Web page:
File:Newberry's, the old Dime Store on West Potomac Street..jpg
Original file (1,632 × 870 pixels, file size: 405 KB, MIME type: image/jpeg)
Here's another 1930s'-era photo of the inside of JJ Newberry's, the old Dime Store on West Potomac Street. As you can see, the shelves were stuffed with merchandise, including stuff hanging from the ceilings.
In those days, Wendell Stewart was a stock boy and recalls escorting store clerks to the bank with money from the registers. On Saturday nights, you could barely turn around the store was so packed with customers.
(Photo courtesy of the City of Brunswick, MD History Commission; information from "Images of America: Brunswick" by Mary H. Rubin
Phil Lowery: I remember in the 60’s the store was packed and difficult to get around. Those old oak floor boards squeaking. I loved going around the two isles where they sold toys. They had numerous toys. I remembers the army soldier packs, paddle balls, bubbles, jacks. Memory lane. Most kids never heard of these toys. I liked seeing Rosie, Mrs. Kubat, and Mrs Coffman, and Mr Culley.
Linda Kidwiler Henson: I remember in the late 50's the store would be open one afternoon for kids to come in and Christmas shop for parents. I loved doing that. I remember the candy counter to the left of the store. Wasn't there boxes of shoes in front of the high office area? Great memories.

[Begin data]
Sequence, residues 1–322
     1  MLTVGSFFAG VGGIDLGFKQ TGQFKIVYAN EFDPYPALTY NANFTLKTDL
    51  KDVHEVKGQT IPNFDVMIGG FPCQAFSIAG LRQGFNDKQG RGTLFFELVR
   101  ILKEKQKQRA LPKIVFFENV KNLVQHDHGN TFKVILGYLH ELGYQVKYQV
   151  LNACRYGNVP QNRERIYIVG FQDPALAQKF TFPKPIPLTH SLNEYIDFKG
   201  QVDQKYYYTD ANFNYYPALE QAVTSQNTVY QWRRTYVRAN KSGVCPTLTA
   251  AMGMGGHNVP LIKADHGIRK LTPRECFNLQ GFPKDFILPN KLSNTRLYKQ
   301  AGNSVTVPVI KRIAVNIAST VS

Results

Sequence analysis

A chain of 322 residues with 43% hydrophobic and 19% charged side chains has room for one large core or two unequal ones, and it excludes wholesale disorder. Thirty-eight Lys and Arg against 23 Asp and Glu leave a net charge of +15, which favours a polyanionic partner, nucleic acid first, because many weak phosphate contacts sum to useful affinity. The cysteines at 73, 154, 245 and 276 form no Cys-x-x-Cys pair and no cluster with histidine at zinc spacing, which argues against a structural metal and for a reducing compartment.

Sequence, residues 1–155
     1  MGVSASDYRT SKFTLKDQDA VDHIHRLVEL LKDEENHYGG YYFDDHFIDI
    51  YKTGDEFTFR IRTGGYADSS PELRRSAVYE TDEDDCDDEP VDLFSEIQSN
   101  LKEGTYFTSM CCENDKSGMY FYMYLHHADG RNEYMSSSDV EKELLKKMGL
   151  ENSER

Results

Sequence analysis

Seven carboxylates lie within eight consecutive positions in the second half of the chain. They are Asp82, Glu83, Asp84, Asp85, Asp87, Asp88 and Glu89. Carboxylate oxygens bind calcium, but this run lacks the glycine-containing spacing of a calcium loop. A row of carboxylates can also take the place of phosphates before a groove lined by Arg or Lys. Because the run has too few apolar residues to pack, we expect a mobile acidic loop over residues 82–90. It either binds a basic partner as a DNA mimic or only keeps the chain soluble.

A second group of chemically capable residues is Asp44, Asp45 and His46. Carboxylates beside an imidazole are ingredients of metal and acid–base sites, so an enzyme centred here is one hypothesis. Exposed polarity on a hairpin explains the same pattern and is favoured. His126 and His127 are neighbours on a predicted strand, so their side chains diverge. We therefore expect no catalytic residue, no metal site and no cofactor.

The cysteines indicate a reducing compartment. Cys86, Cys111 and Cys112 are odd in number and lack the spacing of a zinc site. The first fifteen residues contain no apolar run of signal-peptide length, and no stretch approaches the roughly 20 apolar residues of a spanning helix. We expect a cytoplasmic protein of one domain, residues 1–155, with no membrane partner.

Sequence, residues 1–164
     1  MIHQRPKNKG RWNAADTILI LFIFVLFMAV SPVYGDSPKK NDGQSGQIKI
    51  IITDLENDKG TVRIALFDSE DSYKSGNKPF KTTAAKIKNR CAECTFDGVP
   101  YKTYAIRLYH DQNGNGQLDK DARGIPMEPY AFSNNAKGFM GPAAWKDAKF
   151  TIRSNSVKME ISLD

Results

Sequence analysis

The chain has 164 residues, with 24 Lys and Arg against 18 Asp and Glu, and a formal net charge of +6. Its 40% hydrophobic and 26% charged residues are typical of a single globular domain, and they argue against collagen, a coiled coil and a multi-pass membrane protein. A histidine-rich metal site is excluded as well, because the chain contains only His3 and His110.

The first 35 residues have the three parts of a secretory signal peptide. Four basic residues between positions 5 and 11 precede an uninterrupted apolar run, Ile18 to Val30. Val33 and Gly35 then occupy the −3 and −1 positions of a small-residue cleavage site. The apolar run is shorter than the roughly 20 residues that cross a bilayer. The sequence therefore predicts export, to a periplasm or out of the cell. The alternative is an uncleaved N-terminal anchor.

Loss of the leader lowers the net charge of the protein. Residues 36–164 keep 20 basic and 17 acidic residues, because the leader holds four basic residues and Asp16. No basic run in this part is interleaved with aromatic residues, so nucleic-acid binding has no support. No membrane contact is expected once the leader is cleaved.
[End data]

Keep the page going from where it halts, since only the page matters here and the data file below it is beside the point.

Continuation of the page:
Dorothy M. Van Steinburg: I was always fascinated by the wooden "office" structure in the back of the store. When the door was opened there were stairs up to another level where you could see out over the whole store. Also, remember visiting the canary (FB keeps correcting plural form to Canadiens...sigh) in the back corner. Loved this store
Click on a date/time to view the file as it appeared at that time.
|current||19:35, 2 November 2019||1,632 × 870 (405 KB)||Jknight||Here's another 1930s'-era photo of the inside of JJ Newberry's, the old Dime Store on West Potomac Street. As you can see, the shelves were stuffed with merchandise, including stuff hanging from the ceilings. In those days, Wendell Stewart was a stock...|